Jacques Roux 1793
Source: Jacques Roux: Scripta et Acta, Textes presentés par Walter Markov. Akademie-verlag, Berlin, 1969;
Translated: for marxists.org by Mitch Abidor;
CopyLeft: Creative Commons (Attribute & ShareAlike) marxists.org 2004.
Report to the General Council of the Paris Commune: January 21, 1793.
We have come to render an account of the mission we were charged with.
We went to the Temple. There we announced to the tyrant that the hour of execution had arrived.
He asked to be alone for a few minutes with his confessor. He wanted to give us a package to turn over to you; we made the observation that we were only charged with taking him to the scaffold. He answered: “This is proper.” He turned the package over to one of our colleagues, asked that we look after his family, and asked that Cléry, his valet-de-chambre, be that of the queen; hurriedly he then said: “my wife.” In addition, he asked that his former servants at Versailles not be forgotten. He said to Santerre: “Let us go.” He crossed one courtyard on foot and climbed into a carriage in the second. On the way the most profound silence reigned.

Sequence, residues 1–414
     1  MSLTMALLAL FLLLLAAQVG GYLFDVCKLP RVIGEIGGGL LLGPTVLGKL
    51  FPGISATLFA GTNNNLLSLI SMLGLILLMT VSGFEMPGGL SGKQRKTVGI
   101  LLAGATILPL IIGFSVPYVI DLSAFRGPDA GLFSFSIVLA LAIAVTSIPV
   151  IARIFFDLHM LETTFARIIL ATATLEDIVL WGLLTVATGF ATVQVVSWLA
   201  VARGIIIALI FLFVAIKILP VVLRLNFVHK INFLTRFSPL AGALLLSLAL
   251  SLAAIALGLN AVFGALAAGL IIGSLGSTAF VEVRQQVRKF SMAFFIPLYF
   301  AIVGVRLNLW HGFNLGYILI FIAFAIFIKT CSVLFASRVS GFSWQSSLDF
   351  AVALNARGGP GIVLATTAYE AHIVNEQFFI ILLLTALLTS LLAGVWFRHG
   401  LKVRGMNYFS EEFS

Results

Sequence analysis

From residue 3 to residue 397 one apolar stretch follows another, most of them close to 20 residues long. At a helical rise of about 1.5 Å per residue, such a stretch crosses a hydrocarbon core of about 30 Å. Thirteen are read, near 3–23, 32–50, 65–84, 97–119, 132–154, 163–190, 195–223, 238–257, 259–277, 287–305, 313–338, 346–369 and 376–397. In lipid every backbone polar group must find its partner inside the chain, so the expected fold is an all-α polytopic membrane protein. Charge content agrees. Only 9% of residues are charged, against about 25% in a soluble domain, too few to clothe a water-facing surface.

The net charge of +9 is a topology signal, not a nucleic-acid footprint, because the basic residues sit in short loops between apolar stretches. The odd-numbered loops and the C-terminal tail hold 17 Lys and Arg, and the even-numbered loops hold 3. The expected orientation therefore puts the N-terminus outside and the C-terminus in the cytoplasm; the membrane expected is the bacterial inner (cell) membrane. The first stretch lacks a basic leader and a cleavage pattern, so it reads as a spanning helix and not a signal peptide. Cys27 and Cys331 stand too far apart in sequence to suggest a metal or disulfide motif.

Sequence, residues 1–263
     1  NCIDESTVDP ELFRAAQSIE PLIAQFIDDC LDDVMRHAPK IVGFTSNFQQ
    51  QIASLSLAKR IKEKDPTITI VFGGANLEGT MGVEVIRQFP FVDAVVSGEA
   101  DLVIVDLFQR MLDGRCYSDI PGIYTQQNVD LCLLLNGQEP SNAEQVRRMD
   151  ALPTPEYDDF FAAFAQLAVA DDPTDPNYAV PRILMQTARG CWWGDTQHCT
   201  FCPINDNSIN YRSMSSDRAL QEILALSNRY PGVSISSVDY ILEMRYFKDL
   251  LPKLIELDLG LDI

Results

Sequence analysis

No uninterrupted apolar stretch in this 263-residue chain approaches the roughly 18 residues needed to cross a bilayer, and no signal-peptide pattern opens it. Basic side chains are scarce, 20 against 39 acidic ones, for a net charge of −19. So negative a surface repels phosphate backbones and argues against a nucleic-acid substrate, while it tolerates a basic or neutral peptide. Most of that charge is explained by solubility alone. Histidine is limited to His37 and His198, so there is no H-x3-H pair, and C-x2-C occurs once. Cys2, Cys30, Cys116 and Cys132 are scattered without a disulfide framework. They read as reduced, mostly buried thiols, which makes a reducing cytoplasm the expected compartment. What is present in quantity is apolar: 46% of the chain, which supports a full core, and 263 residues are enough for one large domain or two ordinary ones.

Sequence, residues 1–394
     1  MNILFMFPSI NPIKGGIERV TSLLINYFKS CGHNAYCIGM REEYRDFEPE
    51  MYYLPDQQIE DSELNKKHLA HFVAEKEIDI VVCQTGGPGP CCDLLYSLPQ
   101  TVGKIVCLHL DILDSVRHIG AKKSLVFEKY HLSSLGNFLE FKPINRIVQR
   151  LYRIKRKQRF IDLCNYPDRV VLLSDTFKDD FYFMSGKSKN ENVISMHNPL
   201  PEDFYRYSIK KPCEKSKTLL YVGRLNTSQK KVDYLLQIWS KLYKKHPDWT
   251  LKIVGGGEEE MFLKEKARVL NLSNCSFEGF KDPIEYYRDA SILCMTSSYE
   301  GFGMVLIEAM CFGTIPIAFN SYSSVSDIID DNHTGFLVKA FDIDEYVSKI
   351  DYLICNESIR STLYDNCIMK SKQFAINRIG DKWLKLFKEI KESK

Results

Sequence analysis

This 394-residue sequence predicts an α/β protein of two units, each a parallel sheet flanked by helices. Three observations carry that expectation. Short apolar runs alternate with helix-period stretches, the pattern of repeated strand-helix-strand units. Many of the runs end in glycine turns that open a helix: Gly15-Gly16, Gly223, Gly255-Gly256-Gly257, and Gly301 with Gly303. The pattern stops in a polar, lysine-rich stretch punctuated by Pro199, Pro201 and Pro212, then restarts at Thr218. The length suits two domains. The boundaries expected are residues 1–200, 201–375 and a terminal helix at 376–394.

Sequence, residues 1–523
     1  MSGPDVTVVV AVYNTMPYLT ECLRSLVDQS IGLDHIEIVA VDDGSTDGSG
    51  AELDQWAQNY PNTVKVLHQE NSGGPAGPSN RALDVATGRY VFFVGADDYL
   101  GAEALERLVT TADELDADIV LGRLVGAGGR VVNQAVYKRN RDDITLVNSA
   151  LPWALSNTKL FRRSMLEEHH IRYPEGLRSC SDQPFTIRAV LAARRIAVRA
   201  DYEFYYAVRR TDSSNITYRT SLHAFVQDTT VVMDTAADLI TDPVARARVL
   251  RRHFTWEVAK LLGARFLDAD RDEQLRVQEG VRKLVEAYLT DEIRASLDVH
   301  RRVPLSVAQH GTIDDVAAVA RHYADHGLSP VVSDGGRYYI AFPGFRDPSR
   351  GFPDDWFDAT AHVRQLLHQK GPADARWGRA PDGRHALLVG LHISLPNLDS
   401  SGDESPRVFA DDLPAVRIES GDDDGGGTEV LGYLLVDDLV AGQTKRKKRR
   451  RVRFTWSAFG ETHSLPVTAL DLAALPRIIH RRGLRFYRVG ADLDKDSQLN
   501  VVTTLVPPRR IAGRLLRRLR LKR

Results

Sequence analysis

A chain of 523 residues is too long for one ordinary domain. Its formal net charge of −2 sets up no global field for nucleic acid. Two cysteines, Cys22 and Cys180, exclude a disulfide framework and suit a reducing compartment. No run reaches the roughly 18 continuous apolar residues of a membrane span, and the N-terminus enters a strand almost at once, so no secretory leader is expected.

Nothing of note happened. We went up to the office of the Marine to prepare the official report of the execution. Capet was never out of our sight up till the guillotine. He arrived at 10 hours 10 minutes; it took him three minutes to get out of the carriage. He wanted to speak to the people but Santerre wouldn’t allow it. His head fell. The citizens dipped their pikes and their handkerchiefs in his blood.
After writing the official report we went to the chamber of the provisional Executive Council, which is now seeking the assassin of Saint-Fargeau. Our only hurry was to give you an account of the events.
Santerre: We have just given you an exact account of what occurred. I have only praise for the armed force, which was extremely obedient. Louis Capet wanted to speak of commiseration to the people, but I prevented him so the king could receive his execution.